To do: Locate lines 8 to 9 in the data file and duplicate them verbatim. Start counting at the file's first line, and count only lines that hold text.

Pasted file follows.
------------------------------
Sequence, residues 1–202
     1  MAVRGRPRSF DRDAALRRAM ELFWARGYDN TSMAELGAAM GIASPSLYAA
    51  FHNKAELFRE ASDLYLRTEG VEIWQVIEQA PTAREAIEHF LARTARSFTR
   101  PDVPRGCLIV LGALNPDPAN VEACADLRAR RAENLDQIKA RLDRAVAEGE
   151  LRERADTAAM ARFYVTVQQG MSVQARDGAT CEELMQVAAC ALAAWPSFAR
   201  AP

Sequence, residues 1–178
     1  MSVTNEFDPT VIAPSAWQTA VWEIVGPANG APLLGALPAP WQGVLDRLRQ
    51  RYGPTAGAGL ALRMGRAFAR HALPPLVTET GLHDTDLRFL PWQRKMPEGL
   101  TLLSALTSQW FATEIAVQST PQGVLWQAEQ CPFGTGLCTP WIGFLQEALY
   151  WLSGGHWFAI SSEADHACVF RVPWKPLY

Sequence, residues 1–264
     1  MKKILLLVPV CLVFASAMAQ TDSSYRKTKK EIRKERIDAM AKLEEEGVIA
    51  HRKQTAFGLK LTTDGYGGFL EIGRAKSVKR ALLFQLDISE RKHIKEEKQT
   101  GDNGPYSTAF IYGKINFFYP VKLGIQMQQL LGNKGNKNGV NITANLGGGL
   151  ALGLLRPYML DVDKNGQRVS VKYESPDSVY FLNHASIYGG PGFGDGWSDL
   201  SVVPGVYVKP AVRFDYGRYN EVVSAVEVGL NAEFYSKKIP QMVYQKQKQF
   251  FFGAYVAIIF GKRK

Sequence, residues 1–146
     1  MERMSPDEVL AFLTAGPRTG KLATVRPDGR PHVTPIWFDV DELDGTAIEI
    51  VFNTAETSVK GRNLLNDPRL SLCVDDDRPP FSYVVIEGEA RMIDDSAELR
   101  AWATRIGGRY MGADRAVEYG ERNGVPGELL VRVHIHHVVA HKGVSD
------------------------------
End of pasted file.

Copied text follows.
     1  MSVTNEFDPT VIAPSAWQTA VWEIVGPANG APLLGALPAP WQGVLDRLRQ
    51  RYGPTAGAGL ALRMGRAFAR HALPPLVTET GLHDTDLRFL PWQRKMPEGL